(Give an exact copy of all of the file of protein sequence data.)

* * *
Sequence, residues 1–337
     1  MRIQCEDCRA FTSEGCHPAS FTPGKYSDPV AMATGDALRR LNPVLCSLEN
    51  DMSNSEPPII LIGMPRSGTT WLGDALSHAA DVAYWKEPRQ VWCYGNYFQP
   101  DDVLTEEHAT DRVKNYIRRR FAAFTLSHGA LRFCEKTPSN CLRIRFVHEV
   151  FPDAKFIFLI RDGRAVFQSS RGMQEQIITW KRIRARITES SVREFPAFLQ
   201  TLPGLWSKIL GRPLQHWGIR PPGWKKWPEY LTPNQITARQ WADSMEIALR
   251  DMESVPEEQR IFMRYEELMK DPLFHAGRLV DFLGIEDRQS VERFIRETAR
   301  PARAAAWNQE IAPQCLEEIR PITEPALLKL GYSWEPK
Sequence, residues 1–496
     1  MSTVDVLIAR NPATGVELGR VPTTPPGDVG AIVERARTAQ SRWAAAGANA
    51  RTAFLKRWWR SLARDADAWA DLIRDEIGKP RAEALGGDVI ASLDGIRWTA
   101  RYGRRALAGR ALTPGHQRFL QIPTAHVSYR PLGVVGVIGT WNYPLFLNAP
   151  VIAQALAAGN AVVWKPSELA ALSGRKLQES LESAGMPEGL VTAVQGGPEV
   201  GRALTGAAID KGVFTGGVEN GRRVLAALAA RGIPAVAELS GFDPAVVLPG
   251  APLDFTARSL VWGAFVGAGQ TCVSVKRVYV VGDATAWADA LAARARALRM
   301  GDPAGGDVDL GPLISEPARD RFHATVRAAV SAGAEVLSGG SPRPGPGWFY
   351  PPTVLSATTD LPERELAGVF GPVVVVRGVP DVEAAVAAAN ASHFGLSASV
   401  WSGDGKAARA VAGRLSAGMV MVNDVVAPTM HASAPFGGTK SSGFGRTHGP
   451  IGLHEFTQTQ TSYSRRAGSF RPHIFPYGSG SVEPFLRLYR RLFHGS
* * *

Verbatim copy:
Sequence, residues 1–337
     1  MRIQCEDCRA FTSEGCHPAS FTPGKYSDPV AMATGDALRR LNPVLCSLEN
    51  DMSNSEPPII LIGMPRSGTT WLGDALSHAA DVAYWKEPRQ VWCYGNYFQP
   101  DDVLTEEHAT DRVKNYIRRR FAAFTLSHGA LRFCEKTPSN CLRIRFVHEV
   151  FPDAKFIFLI RDGRAVFQSS RGMQEQIITW KRIRARITES SVREFPAFLQ
   201  TLPGLWSKIL GRPLQHWGIR PPGWKKWPEY LTPNQITARQ WADSMEIALR
   251  DMESVPEEQR IFMRYEELMK DPLFHAGRLV DFLGIEDRQS VERFIRETAR
   301  PARAAAWNQE IAPQCLEEIR PITEPALLKL GYSWEPK
Sequence, residues 1–496
     1  MSTVDVLIAR NPATGVELGR VPTTPPGDVG AIVERARTAQ SRWAAAGANA
    51  RTAFLKRWWR SLARDADAWA DLIRDEIGKP RAEALGGDVI ASLDGIRWTA
   101  RYGRRALAGR ALTPGHQRFL QIPTAHVSYR PLGVVGVIGT WNYPLFLNAP
   151  VIAQALAAGN AVVWKPSELA ALSGRKLQES LESAGMPEGL VTAVQGGPEV
   201  GRALTGAAID KGVFTGGVEN GRRVLAALAA RGIPAVAELS GFDPAVVLPG
   251  APLDFTARSL VWGAFVGAGQ TCVSVKRVYV VGDATAWADA LAARARALRM
   301  GDPAGGDVDL GPLISEPARD RFHATVRAAV SAGAEVLSGG SPRPGPGWFY
   351  PPTVLSATTD LPERELAGVF GPVVVVRGVP DVEAAVAAAN ASHFGLSASV
   401  WSGDGKAARA VAGRLSAGMV MVNDVVAPTM HASAPFGGTK SSGFGRTHGP
   451  IGLHEFTQTQ TSYSRRAGSF RPHIFPYGSG SVEPFLRLYR RLFHGS